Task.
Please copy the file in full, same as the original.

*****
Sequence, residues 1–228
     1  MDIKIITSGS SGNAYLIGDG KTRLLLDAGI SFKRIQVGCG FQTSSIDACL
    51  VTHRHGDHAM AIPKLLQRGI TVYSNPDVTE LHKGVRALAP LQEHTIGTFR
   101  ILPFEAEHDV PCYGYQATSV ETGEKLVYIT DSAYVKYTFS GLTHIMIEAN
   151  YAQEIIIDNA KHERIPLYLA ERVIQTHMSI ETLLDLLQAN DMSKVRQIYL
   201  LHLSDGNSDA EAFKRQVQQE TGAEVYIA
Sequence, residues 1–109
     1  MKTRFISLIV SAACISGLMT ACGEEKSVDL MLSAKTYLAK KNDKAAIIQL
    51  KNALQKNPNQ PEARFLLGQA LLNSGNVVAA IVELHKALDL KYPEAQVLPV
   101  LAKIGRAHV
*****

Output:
Sequence, residues 1–228
     1  MDIKIITSGS SGNAYLIGDG KTRLLLDAGI SFKRIQVGCG FQTSSIDACL
    51  VTHRHGDHAM AIPKLLQRGI TVYSNPDVTE LHKGVRALAP LQEHTIGTFR
   101  ILPFEAEHDV PCYGYQATSV ETGEKLVYIT DSAYVKYTFS GLTHIMIEAN
   151  YAQEIIIDNA KHERIPLYLA ERVIQTHMSI ETLLDLLQAN DMSKVRQIYL
   201  LHLSDGNSDA EAFKRQVQQE TGAEVYIA
Sequence, residues 1–109
     1  MKTRFISLIV SAACISGLMT ACGEEKSVDL MLSAKTYLAK KNDKAAIIQL
    51  KNALQKNPNQ PEARFLLGQA LLNSGNVVAA IVELHKALDL KYPEAQVLPV
   101  LAKIGRAHV